b. This situation results in a collapsed lung on the wounded side and a compressed lung on the opposite side due to a deflected mediastinum.

c. Clinical findings include: chest pain, shortness of breath, absent breath sounds on the affected side, and hypotension, because the mediastinal shift compresses the superior vena cava and inferior vena cava, thereby obstructing venous return. Tension pneumothorax also may cause sudden death.

II. TRACHEOBRONCHIAL TREE (Figure 4-2) A. General characteristics

1. The trachea is a tube composed of 16—20 U-shaped hyaline cartilages and the trachealis muscle.

2. The trachea begins just inferior to the cricoid cartilage (vertebral level C6) and ends at the sternal angle (vertebral level T4), where it bifurcates into the right and left main bronchi.

3. At the bifurcation, the last tracheal cartilage forms the carina. The carina is seen on bronchoscopy as a raised ridge of tissue in the sagittal plane.

4. The right main bronchus is shorter, wider, and turns to the right at a shallower angle than the left main bronchus. The right main bronchus branches into three lobar bronchi (tipper, middle, and lower) and finally into ten segmental bronchi.

Figure 4-1. Anteroposterior radiograph showing tension pneumothorax as a result of penetrating chest trauma to the right side. 1 = hyperlucent lung field; 2 = hyper-expansion lowering the right diaphragm; 3 = collapsed right lung; 4 = deviation of the trachea; 5 = mediastinal shift; 6 = compressed left lung. (Adapted with permission from Freundlich IM, Bragg DG: A Radiologic Approach to Diseases of the Chest, 2nd ed. Baltimore, Williams & Wilkins, 1997, p 270.)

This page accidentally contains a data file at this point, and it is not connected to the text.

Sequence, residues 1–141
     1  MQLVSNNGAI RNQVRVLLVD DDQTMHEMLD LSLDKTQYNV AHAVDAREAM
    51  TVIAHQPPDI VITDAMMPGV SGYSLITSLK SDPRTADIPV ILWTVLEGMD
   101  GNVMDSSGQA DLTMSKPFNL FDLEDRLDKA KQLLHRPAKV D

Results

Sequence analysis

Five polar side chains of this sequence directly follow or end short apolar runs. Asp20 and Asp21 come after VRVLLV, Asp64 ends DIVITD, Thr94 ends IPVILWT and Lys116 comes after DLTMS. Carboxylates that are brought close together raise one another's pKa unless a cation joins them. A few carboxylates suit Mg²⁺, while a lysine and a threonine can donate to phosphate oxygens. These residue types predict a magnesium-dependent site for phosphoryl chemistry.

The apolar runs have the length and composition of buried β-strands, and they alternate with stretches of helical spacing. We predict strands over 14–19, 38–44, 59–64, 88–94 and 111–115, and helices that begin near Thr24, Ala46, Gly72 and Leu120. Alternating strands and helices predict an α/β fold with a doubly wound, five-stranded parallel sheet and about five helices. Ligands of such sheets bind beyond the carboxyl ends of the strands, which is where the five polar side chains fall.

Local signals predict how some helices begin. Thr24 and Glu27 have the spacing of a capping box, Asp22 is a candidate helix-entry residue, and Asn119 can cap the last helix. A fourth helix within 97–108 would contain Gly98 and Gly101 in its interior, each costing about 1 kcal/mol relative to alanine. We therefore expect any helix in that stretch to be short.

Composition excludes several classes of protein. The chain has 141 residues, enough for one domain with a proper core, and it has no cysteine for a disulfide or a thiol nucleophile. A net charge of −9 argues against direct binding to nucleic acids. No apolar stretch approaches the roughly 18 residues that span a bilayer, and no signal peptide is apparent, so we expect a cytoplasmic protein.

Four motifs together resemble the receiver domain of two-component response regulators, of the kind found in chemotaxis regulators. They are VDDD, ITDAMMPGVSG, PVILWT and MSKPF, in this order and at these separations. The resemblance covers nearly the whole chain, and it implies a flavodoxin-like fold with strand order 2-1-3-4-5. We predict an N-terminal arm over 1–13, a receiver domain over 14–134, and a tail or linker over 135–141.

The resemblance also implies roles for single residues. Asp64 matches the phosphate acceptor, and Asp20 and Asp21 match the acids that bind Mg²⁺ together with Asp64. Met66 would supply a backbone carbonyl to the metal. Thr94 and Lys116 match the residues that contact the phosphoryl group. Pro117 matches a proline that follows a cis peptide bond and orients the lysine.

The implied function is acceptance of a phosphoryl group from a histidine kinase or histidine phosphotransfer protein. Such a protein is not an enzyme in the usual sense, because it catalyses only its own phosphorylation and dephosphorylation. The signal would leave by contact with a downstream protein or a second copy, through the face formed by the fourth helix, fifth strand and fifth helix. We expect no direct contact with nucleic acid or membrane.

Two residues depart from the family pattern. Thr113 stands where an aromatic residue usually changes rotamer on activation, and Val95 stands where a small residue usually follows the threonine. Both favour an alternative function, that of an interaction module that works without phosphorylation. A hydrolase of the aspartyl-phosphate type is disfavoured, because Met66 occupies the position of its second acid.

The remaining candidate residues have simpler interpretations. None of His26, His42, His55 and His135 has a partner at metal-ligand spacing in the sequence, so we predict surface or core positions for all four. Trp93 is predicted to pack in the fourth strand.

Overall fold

5. The left main bronchus branches into two lobar bronchi (upper and lower) and finally into eight to ten segmental bronchi.

6. Branching of the segmental bronchi corresponds to the bronchopulmonary segments of the lung.

B. Clinical considerations

1. Compression of the trachea. The trachea may be compressed by either an enlarged thyroid gland or an aortic arch aneurysm. The aneurysm may tug on the trachea with each cardiac systole, and can be felt by palpating the trachea at the sternal notch (Vertebral level T2).